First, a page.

Journal of Comparative Physiology A

, Volume 179, Issue 5, pp 613–624 | Cite as

Behaviorally significant immobile state of so-called thanatosis in the cricket Gryllus bimaculatus DeGeer: its characterization, sensory mechanism and function

  • H. Nishino
  • M. Sakai
Original Paper


We have found that the cricket Gryllus bimaculatus shows an immobile posture, so-called thanatosis. Thanatosis was reflexly elicited by gently holding the forelegs and pronotum of the cricket. During thanatosis, the respiration rate decreased markedly while the heart rate doubled compared with the resting state. Animals in the state of extreme rigidity were unresponsive to the external disturbances but easily aroused by mechanical stimulation such as prodding. The immobile posture usually persisted for 2–4 min, but occasionally for more than 20 min, and then suddenly ended. Catalepsy was induced during thanatosis when a leg was passively forced to the extended position. For elicitation of the flexion reflex, either campaniform sensilla and femoral chordotonal organs (FCOs) in the forelegs, and spine-like sensilla on the pronotum were necessary. Among these receptors, however, only the FCOs were involved in inducing the immobile state. Centrally, the brain was indispensable for thanatosis to be maintained. In semi-natural conditions the thanatotic state did occur spontaneously while the cricket struggled to get into a small crevice according to the nature of this species. This sudden immobilization could help the cricket get out of danger of predators like reptiles and amphibians in the natural habitat.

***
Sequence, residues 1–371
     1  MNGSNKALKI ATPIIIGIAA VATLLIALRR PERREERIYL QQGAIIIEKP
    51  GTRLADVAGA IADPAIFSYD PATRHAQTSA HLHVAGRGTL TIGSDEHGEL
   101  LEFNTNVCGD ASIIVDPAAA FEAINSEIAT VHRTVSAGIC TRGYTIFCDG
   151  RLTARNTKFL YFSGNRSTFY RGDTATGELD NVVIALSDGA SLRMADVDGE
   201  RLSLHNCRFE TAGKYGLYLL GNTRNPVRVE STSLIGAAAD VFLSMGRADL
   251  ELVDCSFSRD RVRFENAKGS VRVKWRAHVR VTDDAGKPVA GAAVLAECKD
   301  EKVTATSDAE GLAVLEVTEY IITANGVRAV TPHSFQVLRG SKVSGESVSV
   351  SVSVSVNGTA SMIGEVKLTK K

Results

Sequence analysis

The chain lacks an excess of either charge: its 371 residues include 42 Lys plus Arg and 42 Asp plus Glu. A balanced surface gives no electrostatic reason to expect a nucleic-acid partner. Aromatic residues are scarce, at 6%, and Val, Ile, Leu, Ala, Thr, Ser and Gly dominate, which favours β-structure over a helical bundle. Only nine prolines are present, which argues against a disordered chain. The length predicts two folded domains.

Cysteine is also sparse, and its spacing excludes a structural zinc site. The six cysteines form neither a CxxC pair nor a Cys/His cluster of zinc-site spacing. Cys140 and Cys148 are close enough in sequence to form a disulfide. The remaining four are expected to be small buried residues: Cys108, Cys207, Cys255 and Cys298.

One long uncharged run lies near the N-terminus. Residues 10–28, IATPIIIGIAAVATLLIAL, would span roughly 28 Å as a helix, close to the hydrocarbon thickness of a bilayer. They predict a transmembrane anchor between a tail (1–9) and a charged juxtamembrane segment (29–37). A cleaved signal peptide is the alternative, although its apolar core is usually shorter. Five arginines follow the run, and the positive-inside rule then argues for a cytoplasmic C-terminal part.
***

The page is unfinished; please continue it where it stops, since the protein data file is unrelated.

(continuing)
Key words

Cricket Immobile state Thanatosis Femoral chordotonal organ Escape behavior 



femoral chordotonal organ






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Copyright information

© Springer-Verlag 1996

Authors and Affiliations

  • H. Nishino
    • 1
  • M. Sakai
    • 1
  1. 1.Department of Biology, Faculty of ScienceOkayama UniversityOkayamaJapan

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